Assicurazioni Generali SpA, Italy’s biggest insurer, said third-quarter profit rose 75 percent as it earned more from its life segment and property and casualty operations.
Net income rose to 510 million euros ($690 million) from 291 million euros a year earlier, Trieste, Italy-based Generali said in a statement today. Earnings beat the 411 million-euro average estimate of seven analysts surveyed by Bloomberg.
“We are making good progress with the transformation of our group and today’s results demonstrate that we are on track to reach our targets,” Chief Executive Officer Mario Greco said in a statement. Generali expects higher operating results this year, he said.
Greco, who took over as CEO last year, is selling non-strategic assets and focusing on the company’s main business to strengthen finances and boost profitability. The insurer is more than half way to reaching its goal of raising 4 billion euros from disposals by 2015, after selling its U.S. reinsurance unit and Mexican businesses earlier this year.
“Good confirmation of solidity,” Fabrizio Croce an analyst at Kepler Cheuvreux wrote in a note today. “These figures are very good, as for this group it is not a priority at this time to attain excellence on all metrics, but to show that the strategy and direction are correct,” he said.
Generali rose 0.5 percent to 17.35 euros as of 9:10 a.m. in Milan trading, giving the company a market value of 27 billion euros. The Bloomberg Europe 500 Insurance Index, which was up 0.3 percent today, has risen 23 percent this year, compared with Generali’s 25 percent increase.
Generali, which agreed to reduce over time its stake in Telco SpA, the controlling investor in Telecom Italia SpA, wrote down the holding by 65 million euros in the quarter. The CEO said the insurer is waiting for Telecom Italia’s new business plan before deciding whether support it.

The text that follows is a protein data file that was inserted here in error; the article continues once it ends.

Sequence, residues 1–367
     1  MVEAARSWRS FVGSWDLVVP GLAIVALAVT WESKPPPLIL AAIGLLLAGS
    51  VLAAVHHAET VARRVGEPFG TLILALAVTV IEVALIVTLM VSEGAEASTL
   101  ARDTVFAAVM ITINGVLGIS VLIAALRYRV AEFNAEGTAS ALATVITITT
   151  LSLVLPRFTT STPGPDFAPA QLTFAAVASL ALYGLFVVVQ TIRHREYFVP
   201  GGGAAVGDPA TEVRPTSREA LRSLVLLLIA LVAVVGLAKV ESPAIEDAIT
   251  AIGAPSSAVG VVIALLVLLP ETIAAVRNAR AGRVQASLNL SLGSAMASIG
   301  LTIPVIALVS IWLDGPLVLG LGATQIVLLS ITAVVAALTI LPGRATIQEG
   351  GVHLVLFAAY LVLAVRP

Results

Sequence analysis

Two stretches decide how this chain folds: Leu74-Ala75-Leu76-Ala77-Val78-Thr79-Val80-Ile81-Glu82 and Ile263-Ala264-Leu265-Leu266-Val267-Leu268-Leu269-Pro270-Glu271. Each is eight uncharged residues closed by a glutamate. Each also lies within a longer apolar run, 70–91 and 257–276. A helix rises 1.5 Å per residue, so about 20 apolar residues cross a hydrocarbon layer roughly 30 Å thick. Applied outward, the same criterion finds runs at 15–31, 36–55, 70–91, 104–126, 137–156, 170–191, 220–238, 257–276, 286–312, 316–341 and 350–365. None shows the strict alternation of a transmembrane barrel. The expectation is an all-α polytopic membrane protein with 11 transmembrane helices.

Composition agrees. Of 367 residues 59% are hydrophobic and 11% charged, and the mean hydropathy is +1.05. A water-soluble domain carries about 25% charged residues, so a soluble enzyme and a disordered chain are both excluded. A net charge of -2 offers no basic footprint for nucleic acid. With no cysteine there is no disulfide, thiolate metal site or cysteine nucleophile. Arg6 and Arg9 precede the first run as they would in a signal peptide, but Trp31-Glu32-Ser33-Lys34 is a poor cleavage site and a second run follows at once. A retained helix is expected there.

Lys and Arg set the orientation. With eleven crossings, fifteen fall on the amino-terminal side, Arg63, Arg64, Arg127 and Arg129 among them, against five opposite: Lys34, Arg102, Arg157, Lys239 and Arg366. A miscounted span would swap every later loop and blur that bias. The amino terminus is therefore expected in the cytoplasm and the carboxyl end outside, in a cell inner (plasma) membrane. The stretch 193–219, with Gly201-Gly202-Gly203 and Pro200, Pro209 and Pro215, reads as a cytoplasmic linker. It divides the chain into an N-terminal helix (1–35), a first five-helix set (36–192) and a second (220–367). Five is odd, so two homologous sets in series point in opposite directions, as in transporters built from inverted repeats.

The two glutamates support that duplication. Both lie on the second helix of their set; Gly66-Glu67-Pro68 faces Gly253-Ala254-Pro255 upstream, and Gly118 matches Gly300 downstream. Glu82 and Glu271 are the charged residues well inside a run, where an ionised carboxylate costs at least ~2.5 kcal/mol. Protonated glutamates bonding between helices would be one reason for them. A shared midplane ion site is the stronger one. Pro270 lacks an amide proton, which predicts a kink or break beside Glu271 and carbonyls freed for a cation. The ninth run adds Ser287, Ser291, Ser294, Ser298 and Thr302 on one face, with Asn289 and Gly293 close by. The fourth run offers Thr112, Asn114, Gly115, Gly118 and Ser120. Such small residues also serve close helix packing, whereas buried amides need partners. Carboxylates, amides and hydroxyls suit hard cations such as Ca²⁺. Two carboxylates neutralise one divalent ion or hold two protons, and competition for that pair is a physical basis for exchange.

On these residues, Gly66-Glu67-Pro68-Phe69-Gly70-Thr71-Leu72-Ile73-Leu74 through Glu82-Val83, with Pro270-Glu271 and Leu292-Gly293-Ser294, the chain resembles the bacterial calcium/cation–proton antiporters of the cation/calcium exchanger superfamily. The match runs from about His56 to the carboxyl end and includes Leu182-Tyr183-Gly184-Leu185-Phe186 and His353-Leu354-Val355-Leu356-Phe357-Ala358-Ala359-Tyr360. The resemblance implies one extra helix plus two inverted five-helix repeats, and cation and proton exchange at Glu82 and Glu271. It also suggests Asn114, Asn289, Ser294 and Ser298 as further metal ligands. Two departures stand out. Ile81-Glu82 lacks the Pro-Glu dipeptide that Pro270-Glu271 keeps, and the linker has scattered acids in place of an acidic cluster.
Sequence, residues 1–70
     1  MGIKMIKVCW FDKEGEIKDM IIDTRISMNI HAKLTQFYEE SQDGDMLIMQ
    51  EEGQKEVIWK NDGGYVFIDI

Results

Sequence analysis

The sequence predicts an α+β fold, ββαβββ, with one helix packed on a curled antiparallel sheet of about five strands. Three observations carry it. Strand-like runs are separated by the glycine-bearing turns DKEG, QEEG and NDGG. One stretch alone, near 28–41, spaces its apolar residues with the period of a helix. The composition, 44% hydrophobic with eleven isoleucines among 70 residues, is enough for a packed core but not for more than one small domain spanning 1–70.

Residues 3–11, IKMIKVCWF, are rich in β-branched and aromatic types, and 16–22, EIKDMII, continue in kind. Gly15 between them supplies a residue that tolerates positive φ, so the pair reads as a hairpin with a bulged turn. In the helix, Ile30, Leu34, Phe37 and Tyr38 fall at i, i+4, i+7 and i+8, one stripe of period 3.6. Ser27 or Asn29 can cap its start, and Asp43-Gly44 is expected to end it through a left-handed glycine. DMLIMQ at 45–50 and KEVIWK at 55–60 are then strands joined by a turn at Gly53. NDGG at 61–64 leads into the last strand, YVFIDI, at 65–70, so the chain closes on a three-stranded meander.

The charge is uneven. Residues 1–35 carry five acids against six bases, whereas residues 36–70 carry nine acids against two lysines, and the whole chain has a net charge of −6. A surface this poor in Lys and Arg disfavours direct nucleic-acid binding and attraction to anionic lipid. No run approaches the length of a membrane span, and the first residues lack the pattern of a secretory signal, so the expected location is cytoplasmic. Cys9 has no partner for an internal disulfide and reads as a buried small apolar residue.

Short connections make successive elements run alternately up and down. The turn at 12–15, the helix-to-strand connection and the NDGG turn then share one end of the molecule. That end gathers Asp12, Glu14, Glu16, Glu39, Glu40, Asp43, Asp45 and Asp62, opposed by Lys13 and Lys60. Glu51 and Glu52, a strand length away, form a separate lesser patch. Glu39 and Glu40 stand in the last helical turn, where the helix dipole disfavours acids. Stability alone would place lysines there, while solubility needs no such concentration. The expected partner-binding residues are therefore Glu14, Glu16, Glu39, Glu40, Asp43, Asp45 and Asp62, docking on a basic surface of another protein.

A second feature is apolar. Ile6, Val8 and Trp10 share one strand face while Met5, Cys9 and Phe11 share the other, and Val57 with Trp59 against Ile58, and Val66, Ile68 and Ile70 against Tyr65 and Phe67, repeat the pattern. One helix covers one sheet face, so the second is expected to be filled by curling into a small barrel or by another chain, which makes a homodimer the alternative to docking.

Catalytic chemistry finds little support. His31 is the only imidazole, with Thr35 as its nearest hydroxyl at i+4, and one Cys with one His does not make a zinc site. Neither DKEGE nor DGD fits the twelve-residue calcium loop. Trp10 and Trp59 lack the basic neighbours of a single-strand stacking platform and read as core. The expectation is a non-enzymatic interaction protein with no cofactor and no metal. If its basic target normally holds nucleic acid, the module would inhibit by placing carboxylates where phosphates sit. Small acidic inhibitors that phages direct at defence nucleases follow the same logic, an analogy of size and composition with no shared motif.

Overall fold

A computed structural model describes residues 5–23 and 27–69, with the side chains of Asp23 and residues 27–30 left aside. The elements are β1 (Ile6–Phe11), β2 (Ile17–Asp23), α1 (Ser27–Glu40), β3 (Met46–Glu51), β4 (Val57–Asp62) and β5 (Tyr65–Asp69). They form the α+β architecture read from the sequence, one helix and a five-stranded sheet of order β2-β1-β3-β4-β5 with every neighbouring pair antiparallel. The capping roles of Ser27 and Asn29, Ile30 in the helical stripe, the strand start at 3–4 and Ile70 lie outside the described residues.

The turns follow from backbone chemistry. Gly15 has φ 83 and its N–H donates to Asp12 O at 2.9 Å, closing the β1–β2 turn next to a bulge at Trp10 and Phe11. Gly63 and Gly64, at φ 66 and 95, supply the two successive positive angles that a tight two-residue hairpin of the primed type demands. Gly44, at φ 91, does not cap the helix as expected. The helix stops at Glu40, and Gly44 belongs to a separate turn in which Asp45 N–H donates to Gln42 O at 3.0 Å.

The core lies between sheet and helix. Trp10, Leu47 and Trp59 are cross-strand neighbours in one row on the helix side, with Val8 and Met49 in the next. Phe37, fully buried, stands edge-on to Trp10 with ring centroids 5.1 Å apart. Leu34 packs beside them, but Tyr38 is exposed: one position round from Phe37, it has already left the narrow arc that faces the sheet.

“We expect management will present plans that improve the value of the company; we have no preference on possible options,” Greco said during a press conference call today. “We will review the plan and we’ll support it if it’s convincing.”
The Italian insurer is also selling its Swiss asset-management unit BSI Group as part of a disposal program approved in January.
“BSI is a good asset and we want to sell it at an adequate price,” Greco said, adding talks to sell it are “in progress.”
Bankinter SA of Spain may buy BSI, CEO Maria Dolores Dancausa said in April. The firm offered 1.5 billion euros in partnership with U.S.-based Apollo Global Management, Swiss newspaper L’Agefi reported in March. Generali has said the unit has a book value of 2.3 billion euros.
Non-life operating profit increased 12 percent to 430 million euros as the insurer reduced costs. Claims and costs as a proportion of premiums, known as the combined ratio, improved to 95.1 percent in the first nine months of the year from 96.6 percent a year earlier.
Operating income rose 8.5 percent in the third quarter from a year earlier to 984 million euros as income at the life business rose 13 percent to 591 million euros.
Generali’s solvency ratio, a measure of its capacity to absorb losses, rose to 143 percent by Sept. 30 from 139 percent in June, the insurer said. At the end of October the ratio was 152 percent, the company said.